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Re: <nettime> Nobel laureate in economics aged 102 endorses the human ec
Newmedia on Wed, 30 Jan 2013 04:50:22 +0100 (CET)


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Re: <nettime> Nobel laureate in economics aged 102 endorses the human economy...


Brian:
 
> Well, in the US from about 1980 onward, the information
> age  offered a very high return on private finance and a steady
> stream of  purchasers for govt bonds.
 
Of course it did!  Finance is, after all, just "pushing paper" around  
(i.e. decidedly "post-industrial") and selling those bonds was the necessary  
corollary to Wal-Mart becoming the FRIENDSHIP store for Chinese  
industrialization -- given that the US economy had shifted from production to  
consumption by this time.
 
Mr. Reagan and Mrs. Thatcher had very little to do with any of this -- but, 
 if you must "overlay" reality with *ideological* triggers like this, go 
right  ahead! <g>
 
I have no interest in "dis-entangling" the technology from the  
political-science but I do have an interest in avoiding CONSPIRACY theories that  put 
decisions in the hands of people who didn't make them and attributing  
"plans" to people who didn't have them.  
 
Alas, the only way to avoid that sort of thinking, other than an  
over-abundance of caution, seems to be actually know (some of) the people  involved.  
And my 20+ year career on Wall Street gave me the opportunity to  meet many 
of them.  For better-and-worse, I don't have to imagine how Bill  Gates or 
George Soros thinks.
 
> In addition to the technological innovation school of 
> Freeman, Louca, Perez, etc I would suggest you look into
> the "Social Structures of Accumulation" theorists who 
> provide exactly what Perez calls for but does not produce, 
> namely an understanding of the institutional frameworks in 
> which the long waves of technological development unfold.
 
>From what I can tell, the SSA folks have little to say about what  happened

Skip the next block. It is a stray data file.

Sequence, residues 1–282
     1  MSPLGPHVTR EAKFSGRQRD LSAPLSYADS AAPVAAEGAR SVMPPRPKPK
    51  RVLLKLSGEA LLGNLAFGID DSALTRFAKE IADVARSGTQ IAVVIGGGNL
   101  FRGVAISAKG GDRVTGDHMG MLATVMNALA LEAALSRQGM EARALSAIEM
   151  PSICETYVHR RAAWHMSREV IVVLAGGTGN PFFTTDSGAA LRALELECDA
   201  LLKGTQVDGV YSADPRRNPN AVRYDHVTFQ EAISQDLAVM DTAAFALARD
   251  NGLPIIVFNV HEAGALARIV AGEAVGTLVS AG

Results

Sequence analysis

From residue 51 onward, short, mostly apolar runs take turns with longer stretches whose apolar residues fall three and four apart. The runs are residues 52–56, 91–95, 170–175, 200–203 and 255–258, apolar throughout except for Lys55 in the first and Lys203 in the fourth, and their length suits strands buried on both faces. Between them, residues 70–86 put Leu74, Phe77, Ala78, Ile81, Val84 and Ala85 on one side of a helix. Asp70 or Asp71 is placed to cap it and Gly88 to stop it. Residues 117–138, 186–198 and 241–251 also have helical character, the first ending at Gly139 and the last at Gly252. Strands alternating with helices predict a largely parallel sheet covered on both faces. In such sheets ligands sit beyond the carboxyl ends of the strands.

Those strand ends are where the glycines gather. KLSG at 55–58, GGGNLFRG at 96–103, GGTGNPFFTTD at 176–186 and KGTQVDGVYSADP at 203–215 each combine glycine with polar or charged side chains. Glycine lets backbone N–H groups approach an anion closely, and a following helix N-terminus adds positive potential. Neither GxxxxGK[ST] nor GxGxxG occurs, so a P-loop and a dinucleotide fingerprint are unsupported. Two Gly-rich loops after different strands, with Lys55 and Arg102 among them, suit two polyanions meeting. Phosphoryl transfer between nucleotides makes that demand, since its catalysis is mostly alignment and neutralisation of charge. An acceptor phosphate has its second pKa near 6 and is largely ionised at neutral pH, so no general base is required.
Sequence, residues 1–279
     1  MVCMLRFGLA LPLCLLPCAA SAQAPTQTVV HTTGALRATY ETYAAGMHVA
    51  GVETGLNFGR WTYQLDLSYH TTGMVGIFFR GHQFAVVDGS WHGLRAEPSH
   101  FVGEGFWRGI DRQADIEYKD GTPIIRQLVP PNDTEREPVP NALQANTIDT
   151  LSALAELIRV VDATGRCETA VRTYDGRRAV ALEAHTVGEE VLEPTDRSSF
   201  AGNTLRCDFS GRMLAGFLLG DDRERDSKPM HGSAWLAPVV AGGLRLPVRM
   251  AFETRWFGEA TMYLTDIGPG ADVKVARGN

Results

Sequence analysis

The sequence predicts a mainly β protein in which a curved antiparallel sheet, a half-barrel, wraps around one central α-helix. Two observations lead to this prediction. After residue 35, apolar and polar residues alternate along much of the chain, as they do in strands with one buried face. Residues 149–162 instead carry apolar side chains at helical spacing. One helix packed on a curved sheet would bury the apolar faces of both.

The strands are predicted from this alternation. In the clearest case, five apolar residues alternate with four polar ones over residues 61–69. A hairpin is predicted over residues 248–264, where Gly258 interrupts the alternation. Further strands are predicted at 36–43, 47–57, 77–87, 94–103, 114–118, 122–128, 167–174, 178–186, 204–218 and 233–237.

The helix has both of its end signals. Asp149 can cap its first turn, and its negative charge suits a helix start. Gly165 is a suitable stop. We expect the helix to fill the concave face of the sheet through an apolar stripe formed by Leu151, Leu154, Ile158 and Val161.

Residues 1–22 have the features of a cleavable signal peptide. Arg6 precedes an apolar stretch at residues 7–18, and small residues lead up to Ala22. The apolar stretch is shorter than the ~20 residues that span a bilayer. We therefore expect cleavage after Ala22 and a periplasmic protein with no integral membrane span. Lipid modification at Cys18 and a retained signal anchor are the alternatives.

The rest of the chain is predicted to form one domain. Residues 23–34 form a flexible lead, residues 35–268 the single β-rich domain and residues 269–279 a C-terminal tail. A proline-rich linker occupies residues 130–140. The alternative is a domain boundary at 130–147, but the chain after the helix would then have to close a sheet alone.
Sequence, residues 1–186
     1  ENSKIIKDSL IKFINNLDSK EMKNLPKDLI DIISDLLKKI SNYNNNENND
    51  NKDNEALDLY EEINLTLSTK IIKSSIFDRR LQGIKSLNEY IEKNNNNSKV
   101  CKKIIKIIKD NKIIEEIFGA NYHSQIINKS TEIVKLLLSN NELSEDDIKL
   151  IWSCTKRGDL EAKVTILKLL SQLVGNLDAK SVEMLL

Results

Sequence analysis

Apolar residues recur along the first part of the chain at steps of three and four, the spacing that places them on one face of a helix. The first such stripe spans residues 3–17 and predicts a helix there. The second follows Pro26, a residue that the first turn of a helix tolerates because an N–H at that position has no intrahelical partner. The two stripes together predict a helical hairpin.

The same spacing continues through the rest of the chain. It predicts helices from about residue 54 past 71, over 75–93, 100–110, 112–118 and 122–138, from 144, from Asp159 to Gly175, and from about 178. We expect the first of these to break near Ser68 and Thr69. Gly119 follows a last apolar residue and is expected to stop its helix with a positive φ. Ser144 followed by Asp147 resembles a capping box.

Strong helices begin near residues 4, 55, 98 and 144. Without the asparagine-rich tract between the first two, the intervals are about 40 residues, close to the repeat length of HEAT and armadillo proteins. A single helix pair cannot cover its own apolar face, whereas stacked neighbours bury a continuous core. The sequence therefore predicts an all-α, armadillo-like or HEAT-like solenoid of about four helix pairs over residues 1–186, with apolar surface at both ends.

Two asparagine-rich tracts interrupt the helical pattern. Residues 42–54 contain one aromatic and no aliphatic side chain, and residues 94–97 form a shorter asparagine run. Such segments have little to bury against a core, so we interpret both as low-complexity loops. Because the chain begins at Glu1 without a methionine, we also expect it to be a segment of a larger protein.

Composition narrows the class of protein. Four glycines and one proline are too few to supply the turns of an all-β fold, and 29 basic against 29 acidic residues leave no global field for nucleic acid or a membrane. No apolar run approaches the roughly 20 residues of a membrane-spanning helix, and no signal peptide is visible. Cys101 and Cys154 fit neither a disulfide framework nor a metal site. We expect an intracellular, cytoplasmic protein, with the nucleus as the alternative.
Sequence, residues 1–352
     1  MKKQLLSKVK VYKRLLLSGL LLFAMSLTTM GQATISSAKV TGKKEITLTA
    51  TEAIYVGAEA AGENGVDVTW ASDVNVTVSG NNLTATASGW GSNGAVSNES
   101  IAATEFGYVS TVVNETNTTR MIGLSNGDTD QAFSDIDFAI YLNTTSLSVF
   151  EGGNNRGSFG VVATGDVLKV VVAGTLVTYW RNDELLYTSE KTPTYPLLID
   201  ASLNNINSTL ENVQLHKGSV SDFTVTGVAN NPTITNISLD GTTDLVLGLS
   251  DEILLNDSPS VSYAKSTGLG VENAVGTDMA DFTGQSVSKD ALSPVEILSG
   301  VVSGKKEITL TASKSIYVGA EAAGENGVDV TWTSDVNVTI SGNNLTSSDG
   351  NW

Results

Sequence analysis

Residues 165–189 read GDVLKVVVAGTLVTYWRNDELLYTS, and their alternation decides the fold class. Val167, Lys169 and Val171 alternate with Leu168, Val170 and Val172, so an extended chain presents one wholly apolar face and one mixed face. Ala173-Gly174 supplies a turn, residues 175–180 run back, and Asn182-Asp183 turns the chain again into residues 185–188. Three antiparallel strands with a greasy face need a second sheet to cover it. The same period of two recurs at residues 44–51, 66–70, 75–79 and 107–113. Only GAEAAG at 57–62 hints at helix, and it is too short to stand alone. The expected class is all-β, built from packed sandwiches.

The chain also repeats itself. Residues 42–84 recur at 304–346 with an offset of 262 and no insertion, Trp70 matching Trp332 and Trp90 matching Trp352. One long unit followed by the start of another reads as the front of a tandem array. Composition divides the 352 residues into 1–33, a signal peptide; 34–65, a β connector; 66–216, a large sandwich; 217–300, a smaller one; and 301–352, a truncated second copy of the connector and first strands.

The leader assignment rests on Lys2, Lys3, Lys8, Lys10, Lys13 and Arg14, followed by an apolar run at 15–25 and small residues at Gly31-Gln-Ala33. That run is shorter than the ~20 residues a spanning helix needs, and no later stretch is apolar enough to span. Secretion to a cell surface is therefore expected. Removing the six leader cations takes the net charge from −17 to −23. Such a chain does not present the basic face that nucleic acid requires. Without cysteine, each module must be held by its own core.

*institutionally* after the 1973 inflection -- which, as you know, was  
roughly the beginning of the CURRENT *digital* techno-economic paradigm.  
 
The founding work seems to have been published in 1978 (i.e. too early) and 
 it doesn't seem to comprehend how things like the Trilateral Commission 
were an  expression of elite power *weakness* not strength.
 
While Victor Lippitt tries to wrestle with some of this in his 2006 "Social 
 Structure of Accumulation Theory," he seems to trip over these problems 
and end  up with an "over-determined" and "anti-essentialist" conclusion.  
 
>From what I can tell, he's right -- even if he (and the others?) mistakenly 
 put the beginning of the "current" SSA around 1995 (an error that seems to 
 inflict many who try to piggyback on the Kondratiev Wave people, who, in  
turn, have little to do with Kondratiev) -- that this theory doesn't work 
very  well when there really aren't any NEW institutions involved.
 
_http://economics.ucr.edu/seminars/fall06/ped/VictorLippit10-20-06.pdf_ 
(http://economics.ucr.edu/seminars/fall06/ped/VictorLippit10-20-06.pdf) 
 
So, the "post-war" SSA "collapsed" in the 1970s but there were no *new*  
institutions?  HUH?  Same old "globalist" WTO and same old Federal  Reserve?
 
This strikes me as an example of what I was talking about -- putting  
IDEOLOGY ahead of *understanding* which leads to theories that don't make much  
sense.
 
Please show me that I'm wrong (really)!!
 
Mark Stahlman
Brooklyn NY


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